• Take the Advanced Open Water Course in Texas or Complete the requirements on a trip with Third Coast Scuba

Another excellent way to get back in the water right away is to schedule your Advanced Open Water Course with us.  You can take your advanced open water course as soon as you complete your Open Water certification.  The 6 dives required to complete the course are a great opportunity to work on your trim, buoyancy control, and air consumption all of which will make you more comfortable in the water.  If you want start taking a camera with you on you scuba dives, this is also a great opportunity to see how using a camera affects your diving.

  • Take a Nitrox Course

If you are planning an extended dive trip or want to pack up to 4 or 5 dives into a day on your dive trip, you may want to consider becoming certified to dive Nitrox. When diving with Nitrox you can extend  your time at depth and limit your required surface intervals. As you know from your open water course, air is comprised of 21 percent oxygen and close to 79 percent nitrogen. In the nitrox mixes used in recreational diving, the oxygen concentration can be anywhere between 29 percent and 40%.  Most dive shops that offer Nitrox fills offer a 32 percent blend. The higher percentage of oxygen, and the proportionately lower percentage of nitrogen, allows divers to extend their time at depth.

For example, according to conventional tables, a diver breathing air at a depth of 60 feet will hit his no-decompression limit in 57 minutes; at 100 feet, he hits it in 19 minutes. However, if the diver were made same dives on 32 percent nitrox, he would be able to increase his bottom time significantly.  On these two dives, he would increase his bottom time to 92 minutes at 60 feet, and 30 minutes at 100 feet.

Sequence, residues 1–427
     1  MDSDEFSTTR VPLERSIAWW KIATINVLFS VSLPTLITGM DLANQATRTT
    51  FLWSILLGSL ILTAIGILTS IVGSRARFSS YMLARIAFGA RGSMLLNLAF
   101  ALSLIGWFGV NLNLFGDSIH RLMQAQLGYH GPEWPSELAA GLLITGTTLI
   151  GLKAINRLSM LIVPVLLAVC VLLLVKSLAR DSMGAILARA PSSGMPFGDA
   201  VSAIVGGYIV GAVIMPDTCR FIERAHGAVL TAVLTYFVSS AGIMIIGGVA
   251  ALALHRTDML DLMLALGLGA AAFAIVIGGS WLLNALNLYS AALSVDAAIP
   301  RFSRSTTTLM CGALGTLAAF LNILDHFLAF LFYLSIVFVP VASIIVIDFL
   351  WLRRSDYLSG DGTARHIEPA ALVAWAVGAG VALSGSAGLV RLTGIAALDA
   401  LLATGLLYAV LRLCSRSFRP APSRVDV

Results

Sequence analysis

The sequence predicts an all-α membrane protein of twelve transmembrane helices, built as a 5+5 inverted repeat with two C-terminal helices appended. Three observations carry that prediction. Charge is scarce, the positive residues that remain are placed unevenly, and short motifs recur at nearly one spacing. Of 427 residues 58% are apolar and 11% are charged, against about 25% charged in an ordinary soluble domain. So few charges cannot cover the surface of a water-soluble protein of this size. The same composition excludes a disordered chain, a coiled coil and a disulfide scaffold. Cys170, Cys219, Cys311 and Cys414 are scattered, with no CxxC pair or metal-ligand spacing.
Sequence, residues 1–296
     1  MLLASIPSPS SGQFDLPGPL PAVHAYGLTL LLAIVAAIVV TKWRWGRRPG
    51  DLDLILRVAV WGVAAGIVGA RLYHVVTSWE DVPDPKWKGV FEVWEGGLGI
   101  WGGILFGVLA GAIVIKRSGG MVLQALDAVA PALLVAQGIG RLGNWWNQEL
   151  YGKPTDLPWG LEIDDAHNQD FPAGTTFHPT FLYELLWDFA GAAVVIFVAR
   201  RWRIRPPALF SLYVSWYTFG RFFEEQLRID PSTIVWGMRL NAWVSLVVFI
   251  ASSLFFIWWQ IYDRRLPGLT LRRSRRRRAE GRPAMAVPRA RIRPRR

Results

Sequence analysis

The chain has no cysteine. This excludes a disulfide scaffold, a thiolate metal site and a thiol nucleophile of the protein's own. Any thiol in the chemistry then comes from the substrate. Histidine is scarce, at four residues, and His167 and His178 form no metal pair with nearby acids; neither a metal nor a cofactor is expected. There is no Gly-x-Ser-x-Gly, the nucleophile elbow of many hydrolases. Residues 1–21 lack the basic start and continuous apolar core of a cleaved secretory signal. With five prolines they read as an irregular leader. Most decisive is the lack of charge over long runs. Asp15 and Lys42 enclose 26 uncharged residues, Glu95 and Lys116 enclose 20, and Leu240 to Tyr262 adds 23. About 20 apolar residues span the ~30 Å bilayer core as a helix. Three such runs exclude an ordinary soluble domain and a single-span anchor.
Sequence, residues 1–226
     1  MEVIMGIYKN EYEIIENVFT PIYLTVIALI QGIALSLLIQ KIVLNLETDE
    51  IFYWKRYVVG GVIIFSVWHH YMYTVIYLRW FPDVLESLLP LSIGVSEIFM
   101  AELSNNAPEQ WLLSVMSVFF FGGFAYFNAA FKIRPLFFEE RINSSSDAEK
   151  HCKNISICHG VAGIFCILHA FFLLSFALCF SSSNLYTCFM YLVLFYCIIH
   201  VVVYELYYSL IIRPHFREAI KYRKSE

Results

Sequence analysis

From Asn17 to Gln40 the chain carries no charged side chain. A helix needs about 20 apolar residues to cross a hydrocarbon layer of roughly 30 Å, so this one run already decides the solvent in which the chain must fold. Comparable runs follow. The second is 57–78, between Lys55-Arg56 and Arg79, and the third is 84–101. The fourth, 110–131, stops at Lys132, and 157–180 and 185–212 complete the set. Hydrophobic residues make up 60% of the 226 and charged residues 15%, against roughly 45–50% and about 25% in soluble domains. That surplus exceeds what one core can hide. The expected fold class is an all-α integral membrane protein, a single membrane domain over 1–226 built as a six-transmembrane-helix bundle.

Because the increased allowable bottom time due to decreased nitrogen content in your breathing gas, using nitrox can significantly extend your overall bottom time and decrease your required on days where you plan to complete many repetitive dives.  Learning how to safely dive nitrox is, therefore, very popular with divers who want to make many scuba dives on their vacations.

  • Start Planning the Trip of Your Dreams

If you feel comfortable in the water, you shouldn’t hesitate to start planning the dive trip of your dream!  Realistically, there are many beautiful dive sites that do not require you have extensive experience or training to dive.  Read up on the locations you want to visit to determine how challenging the dives you would like to do are likely to be. Consider current, depth, visibility, and water temperature.  Also the basic skills like air consumption, buoyancy control, and trim that you worked on in your advanced open water course.  Ask yourself if you want to practice diving with a camera before you go on the vacation of your teams.  The chances are, you are more ready than you think you are!